6. Bosco, did you notice that at the end of the you-tube clip, the second site that the viewer is referred to is called eyegoddess.com? That to me shows just where the inspiration for women priests comes from – it’s pagan in origin.

    1. Thanks, Lucia, for pointing to that link. I had a look at it, but couldn’t work out, from their “about” page, what you appear to derive from it. Also, I think that people use the word “pagan” in a variety of ways and I’m not sure, unless we unpack the way it is used, how to understand it. Blessings.

  7. In terms of Catholic freedom of expression for matters of Life and Faith, and at that in Austria- it is refreshing that there is a distinct difference to the climate that prevailed in the Catholic family just prior to WWII.
    Hopefully all Austrian Catholics will now be quite as clearcut and outspoken about their former anti- Semitic sentiments and behaviour that was part of the climate whereby the Vatican became compromised and intimidated by German National Socialism?

  8. Hi, the word pagan here may have more modern (European) nihilist and existentialist connotations, it should not readily be likened to shamanism or tribalism. There has been since the 1920’s a pervasive philosophical acceptance that modern paganism lies merely in the distinction that society doesn’t perse want to be associated with metaphysical overburdens any longer; or indeed even to be reminded that ontological antecedents of such former states of “first- second or third man” (cit: Alfred Weber) make up the modern “come of age” human framework! Even Heidegger’s “Being” can be a holistic notion, albeit descriptive of vacuity but mustn’t be equated with God or indeed with the Human anointed- and Jewish man- Jesus. They are to be seen (apparently) as but semiotic reminders. There is therefore an acceptance of Germanic legendary root origins (c.f. Wagner, Edda legends) and that christianity should receive a remodelling within such frameworks (horrific as it may sound). Therefore this may not just be a rejection of (catholic) orthodoxy but a continuation of the nihilist process of rationally reframing the whole of christian faith.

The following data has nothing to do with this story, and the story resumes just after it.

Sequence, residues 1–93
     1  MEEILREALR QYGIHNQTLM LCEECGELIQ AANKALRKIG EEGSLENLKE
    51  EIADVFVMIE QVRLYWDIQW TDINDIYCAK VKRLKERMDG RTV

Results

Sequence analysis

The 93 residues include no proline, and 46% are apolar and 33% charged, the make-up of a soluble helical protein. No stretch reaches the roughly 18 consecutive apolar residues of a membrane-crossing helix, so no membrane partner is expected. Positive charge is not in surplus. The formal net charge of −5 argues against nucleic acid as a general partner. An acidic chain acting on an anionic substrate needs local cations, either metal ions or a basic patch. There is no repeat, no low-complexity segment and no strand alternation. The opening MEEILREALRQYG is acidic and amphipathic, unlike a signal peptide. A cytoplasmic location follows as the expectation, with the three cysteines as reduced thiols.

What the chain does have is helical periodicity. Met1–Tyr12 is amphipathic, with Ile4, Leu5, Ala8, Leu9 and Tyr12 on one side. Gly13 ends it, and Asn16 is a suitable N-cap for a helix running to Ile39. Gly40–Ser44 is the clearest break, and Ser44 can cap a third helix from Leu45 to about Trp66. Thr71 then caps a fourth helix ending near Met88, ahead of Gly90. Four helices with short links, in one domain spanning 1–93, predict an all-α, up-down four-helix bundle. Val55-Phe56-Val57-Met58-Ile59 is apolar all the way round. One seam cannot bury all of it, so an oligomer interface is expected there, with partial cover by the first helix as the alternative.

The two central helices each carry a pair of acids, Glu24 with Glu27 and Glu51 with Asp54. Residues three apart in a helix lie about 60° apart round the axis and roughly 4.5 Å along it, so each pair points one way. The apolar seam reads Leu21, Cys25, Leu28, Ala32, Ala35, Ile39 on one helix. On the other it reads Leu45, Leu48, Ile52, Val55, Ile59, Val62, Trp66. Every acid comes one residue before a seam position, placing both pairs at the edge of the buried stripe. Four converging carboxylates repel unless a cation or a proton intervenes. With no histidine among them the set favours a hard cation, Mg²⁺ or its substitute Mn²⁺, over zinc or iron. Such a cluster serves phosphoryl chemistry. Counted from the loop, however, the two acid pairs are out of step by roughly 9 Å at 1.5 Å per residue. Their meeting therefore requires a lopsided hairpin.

9. I’m encouraged to see this development. The only caution I would offer is that we not call a Eucharist without an ordained leader there as “priestless.” Isn’t it the sense of the council of Vatican II that we are all priests by virtue of our baptism? If so, the eucharistic ritual is not priestless—there are myriad priests, though perhaps none of them have yet been called forth by the people and been ordained.

    1. Thanks, Eileen. What you say is true – not just a teaching reinforced by Vatican II, but the teaching of Christianity going back into the early church. I would, however, add a caution to your caution. English, unfortunately, only has one word “priest” for two distinct Greek words – one referring to our baptismal priesthood, the other referring to ordained priesthood. One post about it is here. Blessings.

      1. Well, I don’t think we could very well bring back “presbyter” (much less “prester”). (It was okay until the Presbyterians needed to use it! 🙂 )

        1. Yes, Matt, for the English language, which is supposed to have so many more words than most other languages, we Christians have allowed our vocabulary to shrink and be abused in such a way that we too easily misunderstand each other and even ourselves. “Hierarchy” is another word that I am sad we have allowed to lose its meaning… Blessings.

  10. I’ve just started reading a preview of Those Mysterious Priests by the late Archbishop Fulton Sheen, which in the first few chapters talks about the separation of victimhood from priesthood, and all the problems that causes. All of the issues the priests in Austria have seen to be at the root a profound disconnect with who they are supposed to represent, ie Christ. Really puts things into perspective for me – I’m going to have to buy the book.

    1. Thanks, Lucia. Obviously we all (need to) represent Christ, and that includes holding together the Christ who challenges and the Christ who submits. Having just seen the film, Of Gods and Men, I found it grappled with holding that together very well and movingly. Blessings.